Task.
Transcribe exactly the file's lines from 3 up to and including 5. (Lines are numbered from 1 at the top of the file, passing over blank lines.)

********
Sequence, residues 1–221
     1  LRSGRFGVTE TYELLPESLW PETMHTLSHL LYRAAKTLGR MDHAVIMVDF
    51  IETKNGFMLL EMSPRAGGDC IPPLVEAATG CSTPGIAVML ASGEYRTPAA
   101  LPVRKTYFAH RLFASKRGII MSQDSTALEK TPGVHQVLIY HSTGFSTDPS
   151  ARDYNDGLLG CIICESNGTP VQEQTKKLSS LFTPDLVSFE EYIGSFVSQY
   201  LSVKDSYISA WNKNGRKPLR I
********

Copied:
    51  IETKNGFMLL EMSPRAGGDC IPPLVEAATG CSTPGIAVML ASGEYRTPAA
   101  LPVRKTYFAH RLFASKRGII MSQDSTALEK TPGVHQVLIY HSTGFSTDPS
   151  ARDYNDGLLG CIICESNGTP VQEQTKKLSS LFTPDLVSFE EYIGSFVSQY